WordPress’ performance team has released a new feature plugin called Performance Lab that includes a set of performance-related improvements for core.
The team, which formed just five months ago, is led by Yoast and Google-sponsored core contributors, and has had more than 250 people join its Slack channel, with many participating regularly in weekly chats.
The Performance Lab plugin is a collection of modules focused on enhancing performance of your site, most of which should eventually be merged into WordPress core.
The plugin allows to individually enable and test the modules to get their benefits before they become available in WordPress core, and to provide feedback to further improve the solutions.
Currently the plugin includes the following performance modules:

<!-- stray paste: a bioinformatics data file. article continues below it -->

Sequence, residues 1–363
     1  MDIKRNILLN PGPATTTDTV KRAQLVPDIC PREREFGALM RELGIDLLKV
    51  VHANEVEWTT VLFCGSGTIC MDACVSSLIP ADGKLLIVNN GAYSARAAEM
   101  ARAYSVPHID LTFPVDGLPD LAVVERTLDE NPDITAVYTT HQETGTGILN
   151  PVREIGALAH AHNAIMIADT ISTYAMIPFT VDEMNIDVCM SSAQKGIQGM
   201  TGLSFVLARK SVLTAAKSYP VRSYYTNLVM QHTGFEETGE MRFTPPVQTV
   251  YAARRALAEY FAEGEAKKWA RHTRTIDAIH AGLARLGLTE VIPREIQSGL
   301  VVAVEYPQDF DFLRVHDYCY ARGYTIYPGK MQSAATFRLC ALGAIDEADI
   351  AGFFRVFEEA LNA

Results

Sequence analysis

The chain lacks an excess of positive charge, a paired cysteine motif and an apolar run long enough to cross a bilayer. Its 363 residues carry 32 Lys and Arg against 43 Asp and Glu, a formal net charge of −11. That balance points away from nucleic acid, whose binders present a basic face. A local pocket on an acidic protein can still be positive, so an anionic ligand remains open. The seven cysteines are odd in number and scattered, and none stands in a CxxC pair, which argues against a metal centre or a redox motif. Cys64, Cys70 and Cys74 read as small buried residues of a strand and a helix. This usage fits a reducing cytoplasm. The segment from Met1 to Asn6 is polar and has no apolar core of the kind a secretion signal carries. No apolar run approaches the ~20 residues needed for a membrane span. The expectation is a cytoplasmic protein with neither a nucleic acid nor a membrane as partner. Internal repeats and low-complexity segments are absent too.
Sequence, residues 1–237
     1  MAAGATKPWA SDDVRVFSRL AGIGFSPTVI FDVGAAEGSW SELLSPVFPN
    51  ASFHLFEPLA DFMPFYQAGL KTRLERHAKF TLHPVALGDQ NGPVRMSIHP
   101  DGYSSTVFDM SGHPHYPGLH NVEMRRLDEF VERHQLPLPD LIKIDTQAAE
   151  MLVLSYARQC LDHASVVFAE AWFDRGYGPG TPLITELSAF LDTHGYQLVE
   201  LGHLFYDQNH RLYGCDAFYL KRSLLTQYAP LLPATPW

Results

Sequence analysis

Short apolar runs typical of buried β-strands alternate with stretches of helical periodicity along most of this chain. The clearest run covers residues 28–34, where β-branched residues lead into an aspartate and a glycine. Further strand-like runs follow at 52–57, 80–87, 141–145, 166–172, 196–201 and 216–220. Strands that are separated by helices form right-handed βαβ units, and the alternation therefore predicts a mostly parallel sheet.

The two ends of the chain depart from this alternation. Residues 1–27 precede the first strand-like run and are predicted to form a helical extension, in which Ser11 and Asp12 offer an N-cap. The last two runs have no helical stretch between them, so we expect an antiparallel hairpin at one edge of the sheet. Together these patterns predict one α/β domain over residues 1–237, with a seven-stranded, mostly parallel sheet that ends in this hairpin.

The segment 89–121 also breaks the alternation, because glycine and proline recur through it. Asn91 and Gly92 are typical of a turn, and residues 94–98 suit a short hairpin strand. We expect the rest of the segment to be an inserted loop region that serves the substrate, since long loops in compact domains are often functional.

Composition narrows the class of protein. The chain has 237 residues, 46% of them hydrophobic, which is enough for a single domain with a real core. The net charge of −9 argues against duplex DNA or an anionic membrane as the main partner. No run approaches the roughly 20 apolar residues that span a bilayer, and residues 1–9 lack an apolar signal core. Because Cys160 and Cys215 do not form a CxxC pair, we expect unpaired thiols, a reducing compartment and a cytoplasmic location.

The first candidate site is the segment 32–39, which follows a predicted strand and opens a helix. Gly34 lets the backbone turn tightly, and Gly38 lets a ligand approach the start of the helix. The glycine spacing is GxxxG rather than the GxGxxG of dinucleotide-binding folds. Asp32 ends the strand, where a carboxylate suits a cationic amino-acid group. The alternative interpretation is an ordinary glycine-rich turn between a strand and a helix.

- WebP Uploads:
Creates WebP versions for new JPEG image uploads if supported by the server.
- WebP Support:
Adds a WebP support check in Site Health status.
- Persistent Object Cache Health Check:
Adds a persistent object cache check for sites with non-trivial amounts of data in Site Health status.
- Audit Enqueued Assets:
Adds a CSS and JS resource check in Site Health status.
Purpose of Performance Lab WordPress Plugin
The primary purpose of the Performance Lab plugin is to allow testing of various performance modules for which the goal is to eventually land in WordPress core.
It is essentially a collection of “feature plugins”, which makes it different from other performance plugins that offer performance features which are not targeted at WordPress core and potentially rely on functionality that would not be feasible to use in WordPress core.
The list of available modules will regularly change: Existing modules may be removed after they have been released in WordPress core, while new modules may be added in any release.
The goal for the feature plugin is to get performance improvements in progress tested more widely, weeding out edge cases before shipping the modules in a core release of WordPress CMS.